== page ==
Booze is on the ballot Tuesday in the tiny town of Barrington in Yates County. The 920 registered voters in Barrington will decide, in three separate ballot proposals, whether to allow alcohol sales in taverns, restaurants and year-round hotels.
BARRINGTON -- Booze is on the ballot Tuesday in the tiny town of Barrington in Yates County.
The township is currently one of only a handful left in New York State that is partially dry, meaning establishments can only sell beer to-go. The 920 registered voters in Barrington will decide, in three separate ballot proposals, whether to allow alcohol sales in taverns, restaurants and year-round hotels.
Currently, the only business impacted by the decision is The Olney Place, a sandwich shop and market along East Lake Road on the shore of Keuka Lake. "It's the one spot for 20 miles to buy a beer and a stick of butter, use the rest room... to provide a cultural epicenter in a place that often lacks it,” says owner Seth Olney.
For the past decade, The Olney Place has had a liquor license to sell beer for take-out and to be consumed on the premises. “The hitch came when we expanded, we never had any issues previously,” Olney says.
Turns out, he never should have gotten the license for customers to be able to drink inside the establishment in the first place. The state and the town somehow overlooked a 50-year old local law which prohibits it. The town took issue with his expansion and when the state liquor authority realized the error it told Olney. "We can't knowingly expand an existing license in a town that is dry but go back, form this referendum and get this on the ballot, get this taken care of and that's kind of where we are today leading into tomorrow,” he says.
So, that’s what he has done. On Tuesday, voters in Barrington will decide how to move forward. The local law is something most people who live in the town, didn’t even know about. “I’ve lived in Barrington since I was born,” says Jack Strickland adding, “I do not know about this until the town got upset about Olneys.”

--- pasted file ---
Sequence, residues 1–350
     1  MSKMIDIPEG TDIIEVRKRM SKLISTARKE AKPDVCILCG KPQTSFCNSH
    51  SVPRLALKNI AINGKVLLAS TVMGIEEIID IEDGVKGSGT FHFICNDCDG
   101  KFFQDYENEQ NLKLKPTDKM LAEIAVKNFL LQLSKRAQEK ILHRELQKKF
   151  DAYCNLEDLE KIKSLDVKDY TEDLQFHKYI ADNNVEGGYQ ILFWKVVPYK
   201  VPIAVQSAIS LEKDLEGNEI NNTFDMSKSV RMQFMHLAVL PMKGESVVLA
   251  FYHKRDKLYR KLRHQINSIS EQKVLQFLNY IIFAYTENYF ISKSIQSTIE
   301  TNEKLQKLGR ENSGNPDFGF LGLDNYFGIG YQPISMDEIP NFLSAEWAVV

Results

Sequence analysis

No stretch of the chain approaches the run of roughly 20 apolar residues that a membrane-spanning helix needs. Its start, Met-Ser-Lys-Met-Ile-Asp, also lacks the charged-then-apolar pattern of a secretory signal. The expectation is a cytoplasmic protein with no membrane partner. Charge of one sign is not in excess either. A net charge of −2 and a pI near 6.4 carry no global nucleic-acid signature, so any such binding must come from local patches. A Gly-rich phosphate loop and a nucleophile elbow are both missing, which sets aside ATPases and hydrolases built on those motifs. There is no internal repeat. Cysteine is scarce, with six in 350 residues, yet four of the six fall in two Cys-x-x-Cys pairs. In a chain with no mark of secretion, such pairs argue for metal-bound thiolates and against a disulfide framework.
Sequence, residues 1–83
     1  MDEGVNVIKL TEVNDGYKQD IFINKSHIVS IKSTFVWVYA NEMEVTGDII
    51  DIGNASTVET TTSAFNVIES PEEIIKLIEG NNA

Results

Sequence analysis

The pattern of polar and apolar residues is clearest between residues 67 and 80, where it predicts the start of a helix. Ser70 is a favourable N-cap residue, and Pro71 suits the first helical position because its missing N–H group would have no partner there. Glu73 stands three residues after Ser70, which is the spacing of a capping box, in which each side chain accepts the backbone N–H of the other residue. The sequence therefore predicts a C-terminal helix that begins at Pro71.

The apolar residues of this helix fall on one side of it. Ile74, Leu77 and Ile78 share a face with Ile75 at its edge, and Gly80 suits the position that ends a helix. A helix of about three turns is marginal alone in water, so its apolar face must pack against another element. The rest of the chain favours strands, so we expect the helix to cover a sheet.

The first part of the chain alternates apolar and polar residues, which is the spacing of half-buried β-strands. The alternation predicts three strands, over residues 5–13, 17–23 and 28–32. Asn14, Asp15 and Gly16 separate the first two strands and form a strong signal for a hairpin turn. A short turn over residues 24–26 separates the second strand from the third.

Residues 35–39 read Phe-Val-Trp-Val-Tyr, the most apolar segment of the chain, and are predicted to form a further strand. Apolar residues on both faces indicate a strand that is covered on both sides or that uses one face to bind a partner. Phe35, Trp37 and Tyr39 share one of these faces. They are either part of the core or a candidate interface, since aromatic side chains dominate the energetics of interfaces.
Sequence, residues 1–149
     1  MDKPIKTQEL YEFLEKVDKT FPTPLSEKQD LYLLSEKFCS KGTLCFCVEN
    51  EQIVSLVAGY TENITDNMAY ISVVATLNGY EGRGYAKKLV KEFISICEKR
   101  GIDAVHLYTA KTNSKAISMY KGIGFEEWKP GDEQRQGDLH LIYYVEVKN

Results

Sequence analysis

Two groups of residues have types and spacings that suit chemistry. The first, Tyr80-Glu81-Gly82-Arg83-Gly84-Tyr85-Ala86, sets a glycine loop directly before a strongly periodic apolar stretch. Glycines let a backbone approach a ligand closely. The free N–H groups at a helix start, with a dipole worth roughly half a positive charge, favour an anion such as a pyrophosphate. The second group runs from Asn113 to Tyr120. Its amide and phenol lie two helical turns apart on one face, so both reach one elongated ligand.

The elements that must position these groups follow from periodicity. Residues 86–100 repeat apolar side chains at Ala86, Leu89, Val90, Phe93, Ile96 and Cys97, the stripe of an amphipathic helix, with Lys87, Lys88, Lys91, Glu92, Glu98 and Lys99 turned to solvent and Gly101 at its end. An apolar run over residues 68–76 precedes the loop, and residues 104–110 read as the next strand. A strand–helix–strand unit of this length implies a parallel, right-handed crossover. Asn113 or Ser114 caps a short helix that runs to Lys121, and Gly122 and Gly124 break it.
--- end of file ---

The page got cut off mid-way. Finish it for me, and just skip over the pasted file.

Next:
There are still eight towns in New York State that are completely dry, meaning you can’t buy booze or consume it in public. They are: Caneadea in Allegany County, Clymerin in Chautauqua County, Lapeer in Cortland County, Orwell in Oswego County, Fremont in Steuben County, Jasper in Steuben County, Berkshire in Tioga County and Argyle in Washington County.
Currently, 37 towns in New York State are considered “semi-dry.” Locally, the towns of Butler and Rose in Wayne County, Pike and Wethersfield in Wyoming County and Middlesex in Yates County are “wet” for off-premises consumption and “dry” for on-premises consumption. Barrington in Yates County and Orangeville in Wyoming County are “wet” for off-premises consumption and “wet” for on-premises sale by hotel only.
In Barrington, voters are letting their stance be known with lawn signs, hats and the sharing of plenty of public opinions, “I’m voting yes to all three, you should be able to (sell and consume) especially with the business climate we’ve got nowadays,” Strickland says.
Olney has been pushing hard for passage. "A simple victory is all we need but I am pressing for essentially a mandate to send a signal to other businesses that may be interested in coming to the Keuka Lake area, to the naysayers to let them know that there is a silent majority that is no longer willing to be silent and to set the tune for where we're going in Barrington, moving forward as a region, as a whole,” he says.